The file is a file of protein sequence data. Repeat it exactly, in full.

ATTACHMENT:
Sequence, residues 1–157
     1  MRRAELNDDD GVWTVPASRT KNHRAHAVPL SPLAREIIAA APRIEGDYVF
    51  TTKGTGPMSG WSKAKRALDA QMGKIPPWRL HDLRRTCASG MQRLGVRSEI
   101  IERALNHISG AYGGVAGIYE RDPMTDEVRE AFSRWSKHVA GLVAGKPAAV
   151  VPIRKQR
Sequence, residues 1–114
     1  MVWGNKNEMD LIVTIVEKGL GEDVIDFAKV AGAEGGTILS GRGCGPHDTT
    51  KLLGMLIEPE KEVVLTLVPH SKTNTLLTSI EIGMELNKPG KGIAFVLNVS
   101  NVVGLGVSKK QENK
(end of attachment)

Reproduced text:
Sequence, residues 1–157
     1  MRRAELNDDD GVWTVPASRT KNHRAHAVPL SPLAREIIAA APRIEGDYVF
    51  TTKGTGPMSG WSKAKRALDA QMGKIPPWRL HDLRRTCASG MQRLGVRSEI
   101  IERALNHISG AYGGVAGIYE RDPMTDEVRE AFSRWSKHVA GLVAGKPAAV
   151  VPIRKQR
Sequence, residues 1–114
     1  MVWGNKNEMD LIVTIVEKGL GEDVIDFAKV AGAEGGTILS GRGCGPHDTT
    51  KLLGMLIEPE KEVVLTLVPH SKTNTLLTSI EIGMELNKPG KGIAFVLNVS
   101  NVVGLGVSKK QENK